8 signs that you are gluten intolerant celiac-min

8 Signs That You Are Gluten Intolerant

The Paleo diet is completely gluten free, since it omits grains entirely. When going Paleo many people (who previously thought that had no issues with gluten) find that many symptoms they used to have completely disappear. It also seems common for a rare gluten exposure to have quite an impact, even though the person may have consumed gluten everyday previously. Are you gluten intolerant?

8 signs that you are gluten intolerant celiac-min

What’s the difference between celiac disease & being gluten intolerant?

Celiac disease is a severe, sudden immune reaction to the protein gluten, which has immediate autoimmune reactions. It prevents the sufferer from absorbing essential nutrients. Gluten intolerance is on the same spectrum, but the reaction to gluten is not so sudden – and even harder to clinically diagnose. Unfortunately tests for celiac disease and being gluten intolerant are not as advanced as you might imagine – and it can be very difficult to get a clinical diagnoses. The best way to find out how gluten affects you is to undertake a strict elimination diet – luckily the Paleo diet does just this.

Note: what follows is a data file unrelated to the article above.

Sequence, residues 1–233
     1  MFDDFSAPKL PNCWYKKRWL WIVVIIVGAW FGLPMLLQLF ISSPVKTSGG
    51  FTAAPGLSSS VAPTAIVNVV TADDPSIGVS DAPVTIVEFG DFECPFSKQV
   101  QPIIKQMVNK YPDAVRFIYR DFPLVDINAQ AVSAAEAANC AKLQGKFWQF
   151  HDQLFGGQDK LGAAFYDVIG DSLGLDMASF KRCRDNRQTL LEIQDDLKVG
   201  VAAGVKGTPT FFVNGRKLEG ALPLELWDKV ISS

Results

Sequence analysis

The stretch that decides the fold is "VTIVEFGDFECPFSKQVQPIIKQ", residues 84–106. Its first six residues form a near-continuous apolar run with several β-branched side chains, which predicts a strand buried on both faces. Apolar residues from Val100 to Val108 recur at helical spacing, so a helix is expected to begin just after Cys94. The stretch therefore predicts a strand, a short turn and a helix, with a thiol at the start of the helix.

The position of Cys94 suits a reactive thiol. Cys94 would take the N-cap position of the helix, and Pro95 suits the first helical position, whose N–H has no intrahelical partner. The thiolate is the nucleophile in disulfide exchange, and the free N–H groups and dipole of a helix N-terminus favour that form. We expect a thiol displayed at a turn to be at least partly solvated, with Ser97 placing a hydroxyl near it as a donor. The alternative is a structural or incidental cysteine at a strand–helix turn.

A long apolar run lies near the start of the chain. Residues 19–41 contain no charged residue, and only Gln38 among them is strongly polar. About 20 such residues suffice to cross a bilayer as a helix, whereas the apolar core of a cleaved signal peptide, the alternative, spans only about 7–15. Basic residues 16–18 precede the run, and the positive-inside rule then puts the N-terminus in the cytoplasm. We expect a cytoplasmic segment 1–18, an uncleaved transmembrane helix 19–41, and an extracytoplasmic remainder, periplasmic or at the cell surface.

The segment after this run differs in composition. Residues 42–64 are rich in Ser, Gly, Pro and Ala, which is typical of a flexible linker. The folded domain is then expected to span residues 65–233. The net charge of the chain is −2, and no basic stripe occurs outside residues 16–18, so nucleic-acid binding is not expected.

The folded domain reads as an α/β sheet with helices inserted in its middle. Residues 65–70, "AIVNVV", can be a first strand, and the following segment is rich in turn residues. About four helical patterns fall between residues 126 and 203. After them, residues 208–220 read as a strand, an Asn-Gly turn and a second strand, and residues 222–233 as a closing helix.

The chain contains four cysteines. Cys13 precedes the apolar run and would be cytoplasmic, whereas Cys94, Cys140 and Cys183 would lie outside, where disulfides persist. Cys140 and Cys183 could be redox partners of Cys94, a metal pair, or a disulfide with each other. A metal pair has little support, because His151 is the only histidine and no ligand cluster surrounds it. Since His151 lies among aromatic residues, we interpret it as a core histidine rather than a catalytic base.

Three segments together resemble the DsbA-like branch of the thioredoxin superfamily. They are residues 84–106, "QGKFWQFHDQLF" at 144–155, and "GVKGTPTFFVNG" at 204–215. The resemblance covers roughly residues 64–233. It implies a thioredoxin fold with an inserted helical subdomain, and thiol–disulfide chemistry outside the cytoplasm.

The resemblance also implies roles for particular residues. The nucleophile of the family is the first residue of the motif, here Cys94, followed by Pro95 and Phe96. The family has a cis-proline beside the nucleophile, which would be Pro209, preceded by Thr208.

8 signs that you are gluten intolerant

  1. Gastrointestinal (GI), stomach and digestive issues; perhaps gas, bloating, cramping, constipation, diarrhea or IBS
  2. Headaches or migraines
  3. Fibromyalgia or chronic fatigue
  4. Sudden mood shifts, irritability or depression
  5. Dizziness, balance problems and tingling or numb hands and feet
  6. Another autoimmune disease diagnose (perhaps as Hashimoto’s thyroiditis, Multiple Sclerosis, Rheumatoid arthritis, Lupus, Psoriasis, Scleroderma or Ulcerative colitis)